A new senior hockey league is looking to bring the game back to several area communities.
After the Triangle Hockey League ceased operations after the 2019-20 season ended due to COVID-19, it appeared the senior game in the Yorkton region might be over.
But groups in Ituna and Canora wanted to resurrect senior hockey in those communities after several years without a team, and they reached out to Mike Stackhouse who had been the statistician for the Triangle League, and briefly its president before its demise.
“I knew Rocanville that hadn’t had a team last season, looked like they could have a team this year,” he said.
And, once the rumour got out about a potential league four teams that had been in the Triangle League; Theodore, Hudson Bay, Esterhazy and Bredenbury jumped in, said Stackhouse.
A meeting was held in June and the Sask East Hockey League was born.
Since the June meeting Stackhouse said a group in Preeceville has shown interest in launching senior hockey in their community again.
“They plan to attend the next meeting at the end of the month,” he said, adding there are other communities looking at the league including Woolsley and Porcupine Plain.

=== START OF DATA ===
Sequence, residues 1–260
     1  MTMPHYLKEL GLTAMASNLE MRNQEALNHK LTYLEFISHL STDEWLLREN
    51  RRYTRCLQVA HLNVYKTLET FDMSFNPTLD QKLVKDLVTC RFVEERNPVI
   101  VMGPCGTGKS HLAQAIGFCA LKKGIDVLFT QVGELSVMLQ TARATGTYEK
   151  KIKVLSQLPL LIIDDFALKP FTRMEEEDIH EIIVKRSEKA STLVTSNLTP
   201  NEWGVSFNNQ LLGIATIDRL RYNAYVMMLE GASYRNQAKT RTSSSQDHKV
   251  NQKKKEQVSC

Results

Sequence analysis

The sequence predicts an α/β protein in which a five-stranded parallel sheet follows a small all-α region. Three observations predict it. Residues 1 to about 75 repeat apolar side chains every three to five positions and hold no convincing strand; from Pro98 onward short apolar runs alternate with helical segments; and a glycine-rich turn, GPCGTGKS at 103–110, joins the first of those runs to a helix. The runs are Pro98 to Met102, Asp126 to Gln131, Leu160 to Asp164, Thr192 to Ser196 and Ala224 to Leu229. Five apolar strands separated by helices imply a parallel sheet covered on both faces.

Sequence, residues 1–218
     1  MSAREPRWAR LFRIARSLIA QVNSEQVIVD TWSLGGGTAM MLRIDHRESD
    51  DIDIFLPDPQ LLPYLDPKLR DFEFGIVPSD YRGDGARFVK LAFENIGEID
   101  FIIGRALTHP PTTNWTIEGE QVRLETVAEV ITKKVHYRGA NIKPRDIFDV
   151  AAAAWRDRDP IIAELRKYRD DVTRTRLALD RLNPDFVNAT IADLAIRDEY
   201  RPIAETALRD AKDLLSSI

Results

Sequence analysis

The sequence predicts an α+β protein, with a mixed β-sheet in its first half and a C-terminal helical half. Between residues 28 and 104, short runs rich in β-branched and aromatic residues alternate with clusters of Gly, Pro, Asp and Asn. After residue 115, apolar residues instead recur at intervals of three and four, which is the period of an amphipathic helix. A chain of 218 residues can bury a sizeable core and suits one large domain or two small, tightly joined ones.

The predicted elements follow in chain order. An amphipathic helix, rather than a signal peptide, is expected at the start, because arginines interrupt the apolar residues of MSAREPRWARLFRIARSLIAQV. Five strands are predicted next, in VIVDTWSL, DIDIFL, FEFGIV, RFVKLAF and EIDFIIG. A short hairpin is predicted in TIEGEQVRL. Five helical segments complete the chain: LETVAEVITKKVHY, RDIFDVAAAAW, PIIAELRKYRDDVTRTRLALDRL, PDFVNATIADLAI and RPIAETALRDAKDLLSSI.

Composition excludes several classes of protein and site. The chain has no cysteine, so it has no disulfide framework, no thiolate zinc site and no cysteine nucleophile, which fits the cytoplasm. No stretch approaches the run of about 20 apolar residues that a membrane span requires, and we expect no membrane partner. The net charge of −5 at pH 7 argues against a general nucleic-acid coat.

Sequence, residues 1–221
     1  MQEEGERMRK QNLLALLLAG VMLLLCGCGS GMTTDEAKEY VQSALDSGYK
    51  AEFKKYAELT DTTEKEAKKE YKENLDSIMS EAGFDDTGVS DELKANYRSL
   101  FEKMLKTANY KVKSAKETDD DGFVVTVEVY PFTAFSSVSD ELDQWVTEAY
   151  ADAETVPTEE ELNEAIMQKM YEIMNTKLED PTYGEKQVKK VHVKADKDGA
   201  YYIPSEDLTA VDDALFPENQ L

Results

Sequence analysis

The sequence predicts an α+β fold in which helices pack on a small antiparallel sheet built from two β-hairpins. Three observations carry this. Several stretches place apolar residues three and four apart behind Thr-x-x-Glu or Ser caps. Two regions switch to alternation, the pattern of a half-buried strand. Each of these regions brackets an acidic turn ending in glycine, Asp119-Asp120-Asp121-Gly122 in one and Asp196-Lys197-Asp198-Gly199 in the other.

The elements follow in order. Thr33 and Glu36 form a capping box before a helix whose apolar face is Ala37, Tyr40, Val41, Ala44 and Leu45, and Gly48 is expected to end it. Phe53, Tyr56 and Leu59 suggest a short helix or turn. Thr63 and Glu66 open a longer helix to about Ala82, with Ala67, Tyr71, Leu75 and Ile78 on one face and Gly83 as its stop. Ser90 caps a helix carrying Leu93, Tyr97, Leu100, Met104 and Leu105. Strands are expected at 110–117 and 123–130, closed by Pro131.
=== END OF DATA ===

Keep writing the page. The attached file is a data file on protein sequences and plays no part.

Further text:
Stackhouse said the league could potentially have 12 teams, but added he wants to be cautious too.
“Do we have enough players for all of the teams?” he questioned, noting that last season Bredenbury was drawing players from the Canora/Pelly area. With Canora, and potentially Preeceville in the new league “what does that do to Bredenbury?”
With access to players an issue to be explored more fully, so too is when the league might start, and how many games they might play.
Reasonably Stackhouse said he sees a north and south division in the league, with teams playing around 20-games.
As for when the league might hit the ice, Stackhouse said that will depend on provincial regulations regarding the pandemic, and the league’s need to ensure player, team support staff and fan safety.
“Typically they (senior leagues) start in November around Remembrance Day,” he said, adding at present the league is planning for that.
However, Stackhouse conceded a lot of volunteers, ticket takers, 50/50 sellers, for senior hockey teams in small towns are “higher risk people, elderly, retired people over the age of 65,” and with the continuing uncertainty over COVID-19 “we have to at least consider that.”
With that in mind Stackhouse said the league will “take the information available to us the last 10-months,” into consideration as they nail down plans for a 2020-21 season.
“What are the rules going to be for attendance?” asked Stackhouse, answering his own question by pointing out that will be determined by the province and health officials.
Another factor will be how many fans can attend.
Stackhouse said he hopes the league can find a way to start in November because the NHL isn’t likely to start next season before late December or potentially into January 2021. If the NHL is delayed junior and senior leagues could see an increase in fan support since it could be the only hockey being played.